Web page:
Lacto-Fermented Blueberries

Ever since I began making my own sauerkraut last year, I’ve been on a lacto-fermenting kick. I wanted to ferment everything in sight, and the Noma Guide to Fermentation has been good about providing inspiration for things to ferment, as well as narratives around their trials and errors. Lacto-fermented blueberries is one of the more popular Noma recipes, which the New Yorker also covered.

How do these lacto-fermented blueberries taste? The plump and juicy acidity that characterizes fresh blueberries evolve into a more mellow tang that’s rounded out with savory notes, and has a slightly jammy consistency that works really well as a yogurt topping. It evokes the flavor of umeboshi, or Japanese preserved plums. I also really liked the addition of roasted flax seeds with the fermented blueberries – the toasty, nutty, and crunch texture made this feel even more like a complete meal.

Lacto-fermentation is exceedingly straightforward, and requires minimum time or money investment – I highly recommend you give it a go.

LACTO-Fermented Blueberries

  • Some amount of blueberries
  • 2% of its weight in salt
  • Zip lock bag and a glass jar OR
  • A vacuum sealer and a vacuum sealing bag
  1. Rinse blueberries in tap water; just enough to rinse off any visible debris or dirt. You don’t want it to be completely sterile; the bacteria that’s naturally occurring on the skin of the fruit is what’s driving the fermentation process.
  2. Mix blueberries and salt in a bowl.
  3. Using a spatula, scrape blueberries and salt into the glass jar OR the vacuum sealing bag.
    1. If using a glass jar: Fill zip lock bag with water, and place it in the jar, covering the blueberries. Minimize the air exposure the blueberries will have by gently massaging the water-filled zip lock bag into the nooks and crannies the blueberries have created.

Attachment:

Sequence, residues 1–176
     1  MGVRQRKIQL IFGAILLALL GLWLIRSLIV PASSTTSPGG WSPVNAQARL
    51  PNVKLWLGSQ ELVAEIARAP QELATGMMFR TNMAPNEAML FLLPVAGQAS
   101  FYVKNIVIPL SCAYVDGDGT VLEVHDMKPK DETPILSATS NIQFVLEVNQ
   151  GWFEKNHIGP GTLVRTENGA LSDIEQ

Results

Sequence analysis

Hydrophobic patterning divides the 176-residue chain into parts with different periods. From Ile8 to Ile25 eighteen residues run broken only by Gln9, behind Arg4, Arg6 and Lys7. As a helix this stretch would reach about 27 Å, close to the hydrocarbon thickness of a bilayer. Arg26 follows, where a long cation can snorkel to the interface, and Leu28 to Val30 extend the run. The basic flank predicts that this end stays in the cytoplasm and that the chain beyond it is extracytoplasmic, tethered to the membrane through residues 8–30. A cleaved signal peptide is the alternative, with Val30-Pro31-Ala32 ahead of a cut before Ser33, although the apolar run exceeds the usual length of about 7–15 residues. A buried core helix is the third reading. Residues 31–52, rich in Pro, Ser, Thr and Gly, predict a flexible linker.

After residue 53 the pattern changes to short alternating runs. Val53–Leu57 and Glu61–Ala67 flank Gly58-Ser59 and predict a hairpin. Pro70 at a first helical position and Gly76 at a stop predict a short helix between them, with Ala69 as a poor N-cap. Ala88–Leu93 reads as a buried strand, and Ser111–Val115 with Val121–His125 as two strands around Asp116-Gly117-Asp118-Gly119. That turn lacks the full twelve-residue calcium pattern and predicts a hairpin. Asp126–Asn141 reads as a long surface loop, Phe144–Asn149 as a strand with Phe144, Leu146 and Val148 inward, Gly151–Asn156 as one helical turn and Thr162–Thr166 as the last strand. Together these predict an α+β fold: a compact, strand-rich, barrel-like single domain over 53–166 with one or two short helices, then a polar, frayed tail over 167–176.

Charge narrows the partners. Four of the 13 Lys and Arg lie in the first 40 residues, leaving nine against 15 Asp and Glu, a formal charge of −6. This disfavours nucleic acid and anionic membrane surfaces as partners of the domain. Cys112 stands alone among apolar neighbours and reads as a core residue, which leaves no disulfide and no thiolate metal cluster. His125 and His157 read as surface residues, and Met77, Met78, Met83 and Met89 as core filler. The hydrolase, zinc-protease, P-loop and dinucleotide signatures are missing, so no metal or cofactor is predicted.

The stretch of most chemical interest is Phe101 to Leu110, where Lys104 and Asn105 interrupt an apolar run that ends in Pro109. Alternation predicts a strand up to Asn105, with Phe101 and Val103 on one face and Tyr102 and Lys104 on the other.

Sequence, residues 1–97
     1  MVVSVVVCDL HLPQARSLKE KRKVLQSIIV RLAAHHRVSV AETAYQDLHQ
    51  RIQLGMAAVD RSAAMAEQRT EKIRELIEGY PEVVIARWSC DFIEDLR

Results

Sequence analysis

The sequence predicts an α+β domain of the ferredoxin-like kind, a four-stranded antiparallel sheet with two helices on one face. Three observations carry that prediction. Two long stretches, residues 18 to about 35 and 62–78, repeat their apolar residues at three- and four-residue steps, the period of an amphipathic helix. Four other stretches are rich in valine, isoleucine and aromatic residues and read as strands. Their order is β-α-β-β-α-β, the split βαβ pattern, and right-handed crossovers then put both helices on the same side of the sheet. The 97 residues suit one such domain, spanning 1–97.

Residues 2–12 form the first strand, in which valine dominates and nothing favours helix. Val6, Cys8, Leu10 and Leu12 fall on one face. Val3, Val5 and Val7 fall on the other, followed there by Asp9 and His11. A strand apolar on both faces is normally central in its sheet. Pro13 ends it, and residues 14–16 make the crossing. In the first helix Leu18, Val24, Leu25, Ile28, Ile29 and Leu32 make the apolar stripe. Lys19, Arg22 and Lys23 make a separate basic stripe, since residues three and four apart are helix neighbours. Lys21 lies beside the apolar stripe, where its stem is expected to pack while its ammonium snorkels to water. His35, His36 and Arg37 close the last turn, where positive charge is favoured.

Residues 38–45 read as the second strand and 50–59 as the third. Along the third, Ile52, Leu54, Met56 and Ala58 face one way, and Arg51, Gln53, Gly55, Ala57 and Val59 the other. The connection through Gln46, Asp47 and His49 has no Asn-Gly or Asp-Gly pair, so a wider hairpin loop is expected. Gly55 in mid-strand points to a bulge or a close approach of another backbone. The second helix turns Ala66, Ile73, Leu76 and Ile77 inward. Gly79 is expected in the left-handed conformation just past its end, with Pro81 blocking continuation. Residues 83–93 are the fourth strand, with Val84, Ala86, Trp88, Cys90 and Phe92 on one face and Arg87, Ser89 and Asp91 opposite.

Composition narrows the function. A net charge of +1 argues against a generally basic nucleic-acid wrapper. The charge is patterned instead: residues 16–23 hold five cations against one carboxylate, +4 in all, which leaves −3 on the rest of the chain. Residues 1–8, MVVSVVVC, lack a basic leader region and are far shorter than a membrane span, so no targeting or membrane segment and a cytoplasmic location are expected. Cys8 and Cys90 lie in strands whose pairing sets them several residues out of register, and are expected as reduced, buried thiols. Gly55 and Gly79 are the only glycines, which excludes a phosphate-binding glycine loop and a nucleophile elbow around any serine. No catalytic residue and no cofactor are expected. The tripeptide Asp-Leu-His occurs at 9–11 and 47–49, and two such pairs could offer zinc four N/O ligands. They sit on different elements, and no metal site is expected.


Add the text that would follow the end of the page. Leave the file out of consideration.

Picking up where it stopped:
2. If using a vacuum sealer: Ensure blueberries are in a a single layer in the bag. Vacuum seal it.
  4. Let the blueberries hang out in a dark corner for a bit, anywhere from 3 days (if it’s a hot summer’s day) to a week. I let mine hang out for four days at around 20 degrees Celsius and I think it could’ve gone two more days for extra funk.

Caramel Sauce

Sweet, unctuous caramel sauce with notes of vanilla and a nuttiness from the caramelized sugar. I’ve discovered that it works fantastic with cream biscuits. Drizzle a generous tablespoon of caramel sauce on a halved biscuit and you have a fireworks explosion of cream on cream in your mouth.

Caramel Sauce
Recipe adapted from Ina Garten, Food Network
Makes about 2 cups

1 1/2 cups sugar
1/3 cup water
1 1/4 cups heavy cream
1/2 teaspoon pure vanilla extract

Mix the water and sugar in a medium heavy-bottomed saucepan. Cook over low heat for 5 to 7 minutes, until the sugar dissolves. Do not stir. Increase the heat to medium and boil uncovered until the sugar turns a warm chestnut brown (about 350 degrees F on a candy thermometer), about 7 to 10 minutes, gently swirling the pan to stir the mixture. Be careful – the mixture is extremely hot! Watch the mixture very carefully at the end, as it will go from caramel to burnt very quickly. Turn off the heat. Stand back to avoid splattering and slowly add the cream and vanilla. Don’t worry – the cream will bubble violently and the caramel will solidify.

Simmer over low heat, stirring constantly, until the caramel dissolves and the sauce is smooth, about 2 minutes. Allow to cool to room temperature, at least 4 hours. It will thicken as it sits.